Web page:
• Improved Performance: Compared to EF 6.x, EF Core provides better performance because of its optimized query generation and processing.
  • Modular Design: EF Core is more modular, which means you can include only the necessary packages your application needs, leading to less clutter and overhead.
  • Built-In Dependency Injection: EF Core supports the new .NET Core dependency injection feature out of the box.
  • Flexibility and Extensibility: EF Core is designed to be flexible and extensible, allowing developers to adapt the framework to their specific needs.

How does Kestrel server work in the .NET Core environment and how does it differ from other web servers?


Kestrel is a cross-platform web server built for .NET Core based applications. It is based on a libuv library, an asynchronous I/O-based model used by Node.js. Kestrel can also be used in combination with a reverse proxy server such as Apache, Nginx, or IIS, which provides an additional layer of configuration, security, and load balancing.

Here are the key differences between Kestrel and other web servers such as IIS and Http.sys:

  • Cross-Platform: Unlike IIS and Http.sys, which are Windows-specific, Kestrel can run on multiple operating systems thanks to its integration with .NET Core.
  • Performance: Kestrel is designed to be fast and has been heavily optimized for performance. It demonstrates high throughput and has a lower request latency than traditional IIS.
  • Stand-Alone or with Reverse Proxy: Kestrel can be used as a stand-alone web server or with a reverse proxy. Using it with a reverse proxy can help protect the application from potential vulnerabilities.
  • In-Process or Out-Of-Process Models: With the advent of .NET Core 2.2 and 3.0, Kestrel can be used in both in-process and out-of-process hosting models, providing flexibility in how your application is hosted.

Overall, when considering a web server for hosting .NET Core applications, Kestrel provides a high-performance, cross-platform, and flexible option that aligns well with the objectives of .NET Core.

Moving smoothly from servers to application patterns, let’s discuss another fundamental topic that often spices up net core questions for interviews – the Repository pattern.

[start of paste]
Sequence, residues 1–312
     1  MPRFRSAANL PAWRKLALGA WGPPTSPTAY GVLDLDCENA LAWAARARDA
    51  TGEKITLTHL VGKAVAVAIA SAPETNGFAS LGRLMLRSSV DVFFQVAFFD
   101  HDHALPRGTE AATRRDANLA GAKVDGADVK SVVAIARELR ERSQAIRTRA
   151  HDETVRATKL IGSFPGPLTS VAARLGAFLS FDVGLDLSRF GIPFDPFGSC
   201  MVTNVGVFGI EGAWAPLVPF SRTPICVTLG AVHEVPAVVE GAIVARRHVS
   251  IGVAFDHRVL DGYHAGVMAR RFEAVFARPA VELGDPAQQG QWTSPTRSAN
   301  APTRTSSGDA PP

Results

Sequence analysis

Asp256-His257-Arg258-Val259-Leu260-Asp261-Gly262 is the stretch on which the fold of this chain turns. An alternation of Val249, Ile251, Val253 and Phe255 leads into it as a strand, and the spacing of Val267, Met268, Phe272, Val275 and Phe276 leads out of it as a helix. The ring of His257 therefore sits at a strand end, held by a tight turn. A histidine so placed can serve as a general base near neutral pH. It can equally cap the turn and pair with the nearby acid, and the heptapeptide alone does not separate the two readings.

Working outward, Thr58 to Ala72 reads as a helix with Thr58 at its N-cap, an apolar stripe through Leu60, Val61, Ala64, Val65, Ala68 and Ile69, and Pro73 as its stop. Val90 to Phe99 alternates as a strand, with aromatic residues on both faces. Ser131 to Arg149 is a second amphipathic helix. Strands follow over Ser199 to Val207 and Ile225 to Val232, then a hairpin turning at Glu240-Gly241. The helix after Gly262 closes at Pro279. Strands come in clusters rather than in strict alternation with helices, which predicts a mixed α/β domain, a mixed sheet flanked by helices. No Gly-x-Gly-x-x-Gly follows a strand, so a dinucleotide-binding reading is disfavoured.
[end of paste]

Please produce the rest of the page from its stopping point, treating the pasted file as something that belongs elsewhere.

Certainly, transitioning from the way Kestrel servers operate in .NET Core to the application of patterns in Entity Framework Core might seem like a leap. But don’t fret, as we’ll guide you through the interconnected world of .NET Core with simple explanations and concise examples.

How would you implement the Repository pattern in a .NET Core application using Entity Framework Core?


To implement the Repository pattern in a .NET Core application using Entity Framework Core, you could follow these general steps:

  • Create an interface for repositories: Each repository should have its unique interface defining the operations it supports. For example, in a student management system, a typical IRepository interface might include methods for GetAll, GetById, Insert, Update, and Delete.
  • Implement repository interfaces: Write a class that implements each interface, providing the logic for the defined operations. Entity Framework Core’s DbContext provides the functionality to handle these operations.
  • Create a UnitOfWork class: Unit of Work is another pattern that’s often used with Repository. It groups one or more operations (like reading, insertion, or deletion) into a single transaction. In the context of Entity Framework Core, your DbContext class would act as your unit of work.
  • Use dependency injection to provide instances of your repositories to controllers: .NET Core has built-in support for dependency injection. You can provide your DbContext and repository classes in ConfigureServices method of your Startup class.

Here is a simple example of what the repository class might look like:

public class Repository<T> : IRepository<T> where T : class{
    private readonly DbContext _dbContext;
    public Repository(DbContext dbContext){
        _dbContext = dbContext;
    public IEnumerable<T> GetAll(){
        return _dbContext.Set<T>().ToList();
    //... other methods

How do you handle exceptions globally in an ASP.NET Core Web API project?